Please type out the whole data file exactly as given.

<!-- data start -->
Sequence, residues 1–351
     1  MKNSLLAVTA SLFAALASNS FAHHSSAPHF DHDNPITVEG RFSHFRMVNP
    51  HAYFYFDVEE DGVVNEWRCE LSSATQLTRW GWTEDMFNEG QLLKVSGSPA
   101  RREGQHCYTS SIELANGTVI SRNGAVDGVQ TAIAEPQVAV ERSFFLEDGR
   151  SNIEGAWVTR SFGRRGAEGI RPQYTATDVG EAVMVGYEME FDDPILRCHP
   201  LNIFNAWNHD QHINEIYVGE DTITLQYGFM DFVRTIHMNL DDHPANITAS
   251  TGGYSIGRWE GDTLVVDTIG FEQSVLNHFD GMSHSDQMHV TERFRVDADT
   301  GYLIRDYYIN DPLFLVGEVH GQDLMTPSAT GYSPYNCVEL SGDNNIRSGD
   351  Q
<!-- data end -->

Sequence, residues 1–351
     1  MKNSLLAVTA SLFAALASNS FAHHSSAPHF DHDNPITVEG RFSHFRMVNP
    51  HAYFYFDVEE DGVVNEWRCE LSSATQLTRW GWTEDMFNEG QLLKVSGSPA
   101  RREGQHCYTS SIELANGTVI SRNGAVDGVQ TAIAEPQVAV ERSFFLEDGR
   151  SNIEGAWVTR SFGRRGAEGI RPQYTATDVG EAVMVGYEME FDDPILRCHP
   201  LNIFNAWNHD QHINEIYVGE DTITLQYGFM DFVRTIHMNL DDHPANITAS
   251  TGGYSIGRWE GDTLVVDTIG FEQSVLNHFD GMSHSDQMHV TERFRVDADT
   301  GYLIRDYYIN DPLFLVGEVH GQDLMTPSAT GYSPYNCVEL SGDNNIRSGD
   351  Q